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25 January 2013
After heated debate among regulators and politicians on what was seen as unhealthy concentrated ownership of banks by groups of companies – particularly foreign groups of companies – Bank Indonesia, the country's central bank and industry regulator, issued the Regulation on Ownership of Shares in Commercial Banks (14/8/PBI/2012).
The regulation establishes rules that restrict ownership of banks by individual shareholders, on either an individual or joint basis.
Before the regulation was issued, Bank Indonesia launched the Indonesian Banking Architecture, intended as the blueprint for the Indonesian banking system. Under this blueprint, the system's objectives are to:
The regulation includes the following provisions:
In spite of the above 40% bank ownership limit, Articles 6 to 10 of the regulation stipulate specific criteria for exceptions to this rule.
Contrary to the expectations of many during the discussions on bank ownership a few years ago, the regulation continues to give local and foreign investors equal treatment and does not impose bank ownership restrictions on foreign investors. Rather, the requirements for bank ownership that are tied to good governance, financial soundness and adequate capital issues put foreign investors at an advantage, as they are generally better equipped with these. The additional requirements for foreign shareholders are merely that they:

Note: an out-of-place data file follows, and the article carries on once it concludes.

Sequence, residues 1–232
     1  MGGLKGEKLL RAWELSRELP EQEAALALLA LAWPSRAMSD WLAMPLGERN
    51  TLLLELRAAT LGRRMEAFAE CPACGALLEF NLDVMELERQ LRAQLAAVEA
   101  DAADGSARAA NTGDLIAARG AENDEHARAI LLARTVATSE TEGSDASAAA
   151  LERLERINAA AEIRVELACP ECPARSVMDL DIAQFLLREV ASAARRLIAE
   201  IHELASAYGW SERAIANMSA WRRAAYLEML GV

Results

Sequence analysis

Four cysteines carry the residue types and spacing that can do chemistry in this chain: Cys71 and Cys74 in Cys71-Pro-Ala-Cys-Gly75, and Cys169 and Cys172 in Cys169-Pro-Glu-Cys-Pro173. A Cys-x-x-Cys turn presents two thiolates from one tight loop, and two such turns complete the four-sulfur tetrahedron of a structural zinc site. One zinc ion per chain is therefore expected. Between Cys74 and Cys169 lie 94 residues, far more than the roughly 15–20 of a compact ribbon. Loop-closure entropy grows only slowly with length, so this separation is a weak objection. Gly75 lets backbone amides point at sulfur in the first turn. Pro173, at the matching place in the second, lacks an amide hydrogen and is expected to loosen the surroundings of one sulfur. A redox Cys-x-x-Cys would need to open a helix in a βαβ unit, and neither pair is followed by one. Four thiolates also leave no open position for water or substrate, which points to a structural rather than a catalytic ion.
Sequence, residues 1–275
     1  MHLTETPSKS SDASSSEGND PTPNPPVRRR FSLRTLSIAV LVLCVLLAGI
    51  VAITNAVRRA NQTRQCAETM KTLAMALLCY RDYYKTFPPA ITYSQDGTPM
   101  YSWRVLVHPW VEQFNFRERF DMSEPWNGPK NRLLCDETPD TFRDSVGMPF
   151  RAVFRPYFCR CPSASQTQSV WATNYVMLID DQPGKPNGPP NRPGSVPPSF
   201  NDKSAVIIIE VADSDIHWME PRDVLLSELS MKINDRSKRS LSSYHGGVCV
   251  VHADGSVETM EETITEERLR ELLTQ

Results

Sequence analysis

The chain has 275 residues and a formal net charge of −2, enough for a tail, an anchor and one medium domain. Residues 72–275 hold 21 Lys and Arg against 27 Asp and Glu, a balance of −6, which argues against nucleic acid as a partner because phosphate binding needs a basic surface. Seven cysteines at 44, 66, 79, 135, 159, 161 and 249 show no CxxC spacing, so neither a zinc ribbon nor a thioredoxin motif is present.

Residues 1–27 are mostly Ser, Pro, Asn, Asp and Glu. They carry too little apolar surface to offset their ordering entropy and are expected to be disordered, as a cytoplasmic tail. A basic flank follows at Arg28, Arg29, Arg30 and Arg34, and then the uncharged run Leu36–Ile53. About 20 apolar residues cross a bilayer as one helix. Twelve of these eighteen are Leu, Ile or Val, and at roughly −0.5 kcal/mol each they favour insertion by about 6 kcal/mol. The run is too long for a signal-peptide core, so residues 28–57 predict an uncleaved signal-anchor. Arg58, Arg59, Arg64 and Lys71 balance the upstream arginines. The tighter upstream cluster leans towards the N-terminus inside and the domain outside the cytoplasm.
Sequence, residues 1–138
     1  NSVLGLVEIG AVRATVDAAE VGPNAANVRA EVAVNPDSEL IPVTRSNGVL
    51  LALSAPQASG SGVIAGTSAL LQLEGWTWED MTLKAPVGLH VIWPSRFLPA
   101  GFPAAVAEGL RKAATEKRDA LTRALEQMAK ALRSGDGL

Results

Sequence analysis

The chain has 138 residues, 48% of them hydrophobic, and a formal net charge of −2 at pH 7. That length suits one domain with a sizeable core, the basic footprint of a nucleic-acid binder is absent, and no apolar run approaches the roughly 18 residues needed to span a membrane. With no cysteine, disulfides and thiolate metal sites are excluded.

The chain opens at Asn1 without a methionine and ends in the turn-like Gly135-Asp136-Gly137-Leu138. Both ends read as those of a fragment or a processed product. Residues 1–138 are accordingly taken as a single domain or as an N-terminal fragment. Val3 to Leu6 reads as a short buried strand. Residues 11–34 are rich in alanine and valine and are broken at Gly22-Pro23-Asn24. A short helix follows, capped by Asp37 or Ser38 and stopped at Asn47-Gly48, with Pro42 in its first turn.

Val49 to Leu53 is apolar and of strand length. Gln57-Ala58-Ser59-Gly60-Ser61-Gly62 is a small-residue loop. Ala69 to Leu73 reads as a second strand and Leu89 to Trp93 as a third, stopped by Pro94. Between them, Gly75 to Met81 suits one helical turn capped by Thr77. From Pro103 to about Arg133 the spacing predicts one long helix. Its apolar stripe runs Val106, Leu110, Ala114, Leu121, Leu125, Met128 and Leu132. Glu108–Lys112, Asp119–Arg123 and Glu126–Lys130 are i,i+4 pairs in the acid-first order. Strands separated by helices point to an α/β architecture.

Despite the ownership limitation rules, ownership of the shares of a bank beyond the limit is permitted, provided that the target bank remains healthy and well managed. If the target bank falls below the required good corporate governance (GCG) and health ratings stipulated by the regulation, the shareholders with shares beyond their respective limits must divest.
The required investment grades are as follows:
Upon receiving Bank Indonesia's approval, a candidate local or foreign investor bank may take up more than 40% ownership of an Indonesian bank, provided that, among other things, it:
Following its acquisition of the bank, the investor bank is obliged to float 20% of its shares to the public within five years of the acquisition, while the acquired bank must have Bank Indonesia's approval to issue loans that are convertible to equities.
The equal treatment of foreign and local investors in the banking industry is also seen in other provisions of the regulation. Foreign investors can now take up ownership in regional development banks – until the regulation was issued, such ownership had been practically prohibited. The regulation allows foreign investors to own shares in a regional bank with financial health and GCG grades of 3, 4 and 5, which requires capital injection.(2)
The regulation became effective on July 13 2012, the day of its issue.
(1) Assessment of the level of the financial health (ie, solvency) of a bank is regulated under the Bank Indonesia Regulation on Assessment of Commercial Banks' Solvency (13/1 /PBI/2011). Article 9 of the regulation defines Level 1 as indicative that the bank concerned is generally very solvent, thus enabling it to weather very significant negative effects of changes in the business condition and other external factors. It defines Level 2 as indicative that the condition of the bank is generally solvent, thereby allowing it to weather negative effects caused by business condition changes and other external factors.
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